Japan’s famed hospitality has just stepped up a gear with the arrival of self-parking slippers, floor cushions, and even tables.
A traditional Japanese “ryokan” inn near Tokyo is testing out the new products, built by one of the nation’s car giants, Nissan.
Designed to showcase the company’s ProPilot Park autonomous technology (seen in the electric 2018 Nissan Leaf, it lets cars park themselves), the slippers and other items are fitted with a modified version comprising sensors and motors (and tiny wheels!) that steer them to their original location with a simple press of a remote button.
If you’ve ever stayed at a ryokan, you’ll know all about leaving your shoes at the entrance before stepping into a pair of slippers. Being the orderly nation that it is, Japan likes to have its ryokans looking just right for guests. A pair of slightly-out-of-place slippers might not seem like a big deal to you, but to the owner of an upmarket ryokan it will look like a scene of carnage and sweat-inducing chaos, prompting a rapid intervention by staff to put the footwear in its rightful place. Even if it is three millimeters to the left.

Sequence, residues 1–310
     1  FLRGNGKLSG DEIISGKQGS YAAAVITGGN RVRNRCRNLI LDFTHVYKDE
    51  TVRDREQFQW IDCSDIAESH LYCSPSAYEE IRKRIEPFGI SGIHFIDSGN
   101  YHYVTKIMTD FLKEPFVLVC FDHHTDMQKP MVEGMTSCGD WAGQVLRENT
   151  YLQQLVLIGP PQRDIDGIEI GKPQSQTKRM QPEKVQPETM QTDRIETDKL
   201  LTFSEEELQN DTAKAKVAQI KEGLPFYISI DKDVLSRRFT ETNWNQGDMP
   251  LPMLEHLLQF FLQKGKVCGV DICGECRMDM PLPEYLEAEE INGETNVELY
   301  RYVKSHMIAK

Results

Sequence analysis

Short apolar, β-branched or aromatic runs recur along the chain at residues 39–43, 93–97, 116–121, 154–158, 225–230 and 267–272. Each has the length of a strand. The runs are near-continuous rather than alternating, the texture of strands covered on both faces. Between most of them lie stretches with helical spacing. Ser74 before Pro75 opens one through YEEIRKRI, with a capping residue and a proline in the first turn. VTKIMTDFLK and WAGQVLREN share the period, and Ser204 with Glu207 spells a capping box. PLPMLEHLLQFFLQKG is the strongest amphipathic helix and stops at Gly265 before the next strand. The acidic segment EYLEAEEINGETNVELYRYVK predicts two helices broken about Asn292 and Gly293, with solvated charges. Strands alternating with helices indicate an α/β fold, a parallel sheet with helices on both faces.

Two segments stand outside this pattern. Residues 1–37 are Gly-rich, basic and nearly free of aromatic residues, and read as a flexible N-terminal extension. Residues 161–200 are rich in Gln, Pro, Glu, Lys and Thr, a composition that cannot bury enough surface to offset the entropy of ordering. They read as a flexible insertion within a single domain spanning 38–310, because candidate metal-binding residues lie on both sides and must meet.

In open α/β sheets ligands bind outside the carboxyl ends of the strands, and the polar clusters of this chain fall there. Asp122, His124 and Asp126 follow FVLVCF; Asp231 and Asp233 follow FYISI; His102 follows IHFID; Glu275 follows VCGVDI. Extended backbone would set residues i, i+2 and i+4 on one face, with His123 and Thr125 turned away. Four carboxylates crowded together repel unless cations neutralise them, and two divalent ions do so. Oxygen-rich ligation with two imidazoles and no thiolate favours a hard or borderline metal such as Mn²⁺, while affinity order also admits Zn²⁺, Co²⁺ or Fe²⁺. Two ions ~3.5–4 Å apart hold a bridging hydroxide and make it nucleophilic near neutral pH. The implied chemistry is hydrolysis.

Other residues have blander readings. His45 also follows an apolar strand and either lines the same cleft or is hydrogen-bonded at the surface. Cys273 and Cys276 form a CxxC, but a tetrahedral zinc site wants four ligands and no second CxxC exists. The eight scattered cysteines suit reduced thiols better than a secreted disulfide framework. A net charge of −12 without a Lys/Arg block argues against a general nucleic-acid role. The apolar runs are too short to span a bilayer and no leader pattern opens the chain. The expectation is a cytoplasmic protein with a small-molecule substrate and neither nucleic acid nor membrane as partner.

Technology from Nissan changes all that, as its sensors expertly guide the slippers into position, leaving them perfectly lined up at the entrance at all times, creating an atmosphere of order and harmony for arriving guests as well as staff. Brilliant.
The guests in the video (above) are certainly impressed. “It’s incredible,” a man marvels as a self-driving cushion trundles toward him. “Selected guests” will be able to try out Nissan’s technology at the ryokan in Hakone from March.
Nissan spokesperson Nick Maxfield told Reuters the self-parking slippers are supposed to “raise awareness of automated driving technologies, and their potential, non-driving applications,” and so will probably not be appearing at ryokans across Japan anytime soon.
The company’s ProPilot Park technology was introduced with the all-new electric Leaf in Japan in October 2017. Using sensors and cameras, it detects surrounding objects and, with a push of a button, lets drivers automatically park their vehicle in a selected parking space. Nissan’s ProPilot technology also includes an “assist” feature that can help the driver with acceleration, steering, and braking under particular conditions on a highway. It debuted in the U.S. with the Rogue in 2017.
In another effort to boost the technology’s profile, Nissan created the Intelligent Parking Chair in 2016. If you’d like to see a bunch of office chairs parking themselves, then do take a moment to check out the video.
- Selfless move? Uber may be selling its self-driving technology to Toyota
- AAA finds American drivers becoming less afraid of self-driving cars
- Volkswagen tests autonomous parking, aims for 2020 commercial launch
- Watch how folks react during rides in Waymo’s driverless cars
- Take a virtual ride in one of Waymo’s self-driving cars with this video